The Boy From Bath by The Eaghams This short story is an observational piece, depicting the middle class from England, exploring the Londoner's identity in relation to middle England. The characterisation will remind you of people we have all come across. Read this one to explore urban forms of masculinity and femininity.
Source: http://www.lonelyplanet.com/maps/europe/england/bath/ I was on the train eavesdropping on a boy and his girlfriend on my way back to Victoria. They came on from Bath. He talked to the girl in a way that mimicked a girl in it's niceness, perhaps it was chivalrous courtesy. I would imagine his father would address the opposite sex in the same way, the same predilection for detailed opinions on cultural items of interest, a nerd of the over cautious gentleman, it was purely BBC Radio Three, and he wore on his sleeve his appreciation of the arts, it was articulated in such splendid detail that it bothered my urban and brazen ways as being unmanly although it was frank in it's almost tender honesty. It was sensitive and elaborate, the predominance of intellect it was not, as he was collecting experiences and attending various dos. It was as if he used language to script his life with such imagination that it clarified his experiences into gratitude, not greed, he was almost a writer. His girlfriend listened in a staunch and nice way, they were one of a kind.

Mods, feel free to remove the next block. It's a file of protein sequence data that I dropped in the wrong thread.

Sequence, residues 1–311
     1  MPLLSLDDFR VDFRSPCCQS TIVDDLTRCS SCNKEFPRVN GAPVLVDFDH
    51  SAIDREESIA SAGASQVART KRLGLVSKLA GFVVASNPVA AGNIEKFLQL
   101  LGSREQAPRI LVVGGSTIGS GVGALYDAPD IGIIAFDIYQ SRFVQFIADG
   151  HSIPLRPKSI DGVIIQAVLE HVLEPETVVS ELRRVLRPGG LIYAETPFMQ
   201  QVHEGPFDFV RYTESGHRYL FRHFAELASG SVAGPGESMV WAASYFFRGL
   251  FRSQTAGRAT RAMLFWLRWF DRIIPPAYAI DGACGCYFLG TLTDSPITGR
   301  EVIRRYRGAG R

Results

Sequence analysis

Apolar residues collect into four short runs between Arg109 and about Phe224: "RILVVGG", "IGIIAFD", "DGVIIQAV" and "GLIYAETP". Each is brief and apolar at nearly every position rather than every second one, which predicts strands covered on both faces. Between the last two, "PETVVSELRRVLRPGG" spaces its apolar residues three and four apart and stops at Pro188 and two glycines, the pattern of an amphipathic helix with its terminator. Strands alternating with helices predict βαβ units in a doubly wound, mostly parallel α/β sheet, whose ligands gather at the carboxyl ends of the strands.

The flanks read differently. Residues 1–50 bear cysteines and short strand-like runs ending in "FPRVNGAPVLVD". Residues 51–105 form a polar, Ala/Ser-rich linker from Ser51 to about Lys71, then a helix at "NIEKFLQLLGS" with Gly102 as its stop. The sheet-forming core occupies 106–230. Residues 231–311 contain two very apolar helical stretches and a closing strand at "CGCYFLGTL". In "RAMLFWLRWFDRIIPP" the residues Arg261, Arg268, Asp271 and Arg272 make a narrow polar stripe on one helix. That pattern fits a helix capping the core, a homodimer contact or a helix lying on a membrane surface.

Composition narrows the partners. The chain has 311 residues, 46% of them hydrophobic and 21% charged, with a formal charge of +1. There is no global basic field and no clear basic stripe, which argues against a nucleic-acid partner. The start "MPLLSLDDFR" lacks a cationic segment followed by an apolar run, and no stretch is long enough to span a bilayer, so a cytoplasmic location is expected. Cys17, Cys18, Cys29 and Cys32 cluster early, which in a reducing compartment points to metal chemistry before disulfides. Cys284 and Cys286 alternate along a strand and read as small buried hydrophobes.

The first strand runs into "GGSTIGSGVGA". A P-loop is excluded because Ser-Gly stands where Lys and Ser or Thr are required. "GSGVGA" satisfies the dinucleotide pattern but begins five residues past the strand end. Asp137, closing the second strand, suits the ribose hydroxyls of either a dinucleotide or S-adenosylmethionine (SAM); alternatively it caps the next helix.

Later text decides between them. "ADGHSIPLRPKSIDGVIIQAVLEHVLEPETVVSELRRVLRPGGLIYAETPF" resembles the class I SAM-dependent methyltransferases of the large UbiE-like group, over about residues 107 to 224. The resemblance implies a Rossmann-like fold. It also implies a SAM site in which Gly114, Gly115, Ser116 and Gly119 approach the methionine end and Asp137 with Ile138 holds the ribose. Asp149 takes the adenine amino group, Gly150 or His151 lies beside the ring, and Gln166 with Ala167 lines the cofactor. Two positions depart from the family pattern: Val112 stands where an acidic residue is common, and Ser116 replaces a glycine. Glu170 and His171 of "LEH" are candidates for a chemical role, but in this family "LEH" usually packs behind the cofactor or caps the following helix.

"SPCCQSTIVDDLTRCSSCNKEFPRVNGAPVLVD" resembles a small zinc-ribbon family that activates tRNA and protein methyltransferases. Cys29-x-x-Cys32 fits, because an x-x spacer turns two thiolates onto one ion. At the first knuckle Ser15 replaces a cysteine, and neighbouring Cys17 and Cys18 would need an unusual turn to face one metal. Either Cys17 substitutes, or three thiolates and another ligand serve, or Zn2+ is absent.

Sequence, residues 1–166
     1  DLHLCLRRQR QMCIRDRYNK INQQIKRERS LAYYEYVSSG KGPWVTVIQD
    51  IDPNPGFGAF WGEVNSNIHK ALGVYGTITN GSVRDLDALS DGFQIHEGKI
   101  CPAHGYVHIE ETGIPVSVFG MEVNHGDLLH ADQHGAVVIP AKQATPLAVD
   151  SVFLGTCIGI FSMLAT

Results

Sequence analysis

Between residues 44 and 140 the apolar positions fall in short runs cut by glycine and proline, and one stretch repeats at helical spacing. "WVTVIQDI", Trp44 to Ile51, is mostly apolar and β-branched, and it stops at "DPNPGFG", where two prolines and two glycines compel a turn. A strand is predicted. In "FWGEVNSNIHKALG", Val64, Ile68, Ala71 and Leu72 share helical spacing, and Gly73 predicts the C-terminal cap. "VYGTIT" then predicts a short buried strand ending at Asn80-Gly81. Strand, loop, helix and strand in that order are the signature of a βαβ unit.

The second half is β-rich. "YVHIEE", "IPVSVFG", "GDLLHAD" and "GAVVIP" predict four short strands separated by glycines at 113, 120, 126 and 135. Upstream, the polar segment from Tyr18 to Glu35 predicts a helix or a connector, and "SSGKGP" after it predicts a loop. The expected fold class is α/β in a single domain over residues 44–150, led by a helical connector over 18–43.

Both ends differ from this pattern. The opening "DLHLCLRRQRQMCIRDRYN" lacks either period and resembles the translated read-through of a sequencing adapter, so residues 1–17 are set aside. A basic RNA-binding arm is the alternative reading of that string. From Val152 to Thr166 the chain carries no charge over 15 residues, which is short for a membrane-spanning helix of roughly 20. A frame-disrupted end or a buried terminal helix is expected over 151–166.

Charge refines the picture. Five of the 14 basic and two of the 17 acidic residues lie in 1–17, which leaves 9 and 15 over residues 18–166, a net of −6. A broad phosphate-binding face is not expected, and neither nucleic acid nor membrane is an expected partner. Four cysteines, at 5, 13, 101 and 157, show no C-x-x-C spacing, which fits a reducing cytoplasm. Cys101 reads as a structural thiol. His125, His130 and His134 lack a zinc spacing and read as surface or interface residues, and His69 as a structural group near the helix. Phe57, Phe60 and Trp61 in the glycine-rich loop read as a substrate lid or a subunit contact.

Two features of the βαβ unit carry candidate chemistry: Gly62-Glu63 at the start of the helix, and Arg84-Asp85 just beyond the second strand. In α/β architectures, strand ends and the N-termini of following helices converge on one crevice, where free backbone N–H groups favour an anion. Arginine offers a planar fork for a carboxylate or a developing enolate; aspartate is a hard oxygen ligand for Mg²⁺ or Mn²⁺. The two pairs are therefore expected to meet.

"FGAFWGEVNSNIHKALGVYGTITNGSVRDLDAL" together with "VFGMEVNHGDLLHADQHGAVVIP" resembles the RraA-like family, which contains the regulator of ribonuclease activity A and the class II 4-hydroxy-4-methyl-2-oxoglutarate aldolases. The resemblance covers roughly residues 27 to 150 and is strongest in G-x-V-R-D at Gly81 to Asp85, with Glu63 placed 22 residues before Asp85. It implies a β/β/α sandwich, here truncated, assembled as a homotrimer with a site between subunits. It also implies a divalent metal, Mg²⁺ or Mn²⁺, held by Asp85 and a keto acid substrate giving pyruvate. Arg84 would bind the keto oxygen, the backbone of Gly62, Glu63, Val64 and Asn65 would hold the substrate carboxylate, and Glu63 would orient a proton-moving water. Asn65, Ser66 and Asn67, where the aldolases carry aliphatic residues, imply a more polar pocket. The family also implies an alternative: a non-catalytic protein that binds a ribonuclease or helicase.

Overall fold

He had not any hint of cool in his expression though he was self-aware, to take the South London expression, he was always on a 'long ting'. He got about but how he understood everything was long and nuanced. He was basically a nerd, and when at work he spoke in a soft nice tone on the phone, giggling delicately, his broad shoulders hunched over the phone. I wondered if the two in their imaginative and intellectual life world together thought of other people from other walks of life. If she cared what I thought of the boy's words, perhaps she preferred someone cooler, more understated? Did she know other people from London like that? I wouldn't want to vex her boyfriend, and she was quite insular, angrily introverted. Perhaps he would address me as 'man', being an Asian Londoner, known apparently for our blend of social identities, nothing short of cool, compared to the country bumpkins of middle england, where there's no sight of me for miles around. © Zubyre Parvez 2016 All Rights Reserved If you enjoyed this post, please share with colleagues, friends and family. WRITER BIO: Zubyre Parvez (BA hons) studied English Literature at Hertfordshire University. He writes song lyrics, poetry, short stories, reviews, and articles for The Taoist Crucible. His poetry won runners up in a competition judged by Simon Armitage and Margaret Atwood. His poetry has been published in Kobita. His articles have appeared in The Epoch Times as a journalist for the newspaper. He has worked for New Tang Dynasty Television as a journalist. You can catch up with his tweets @TheEagham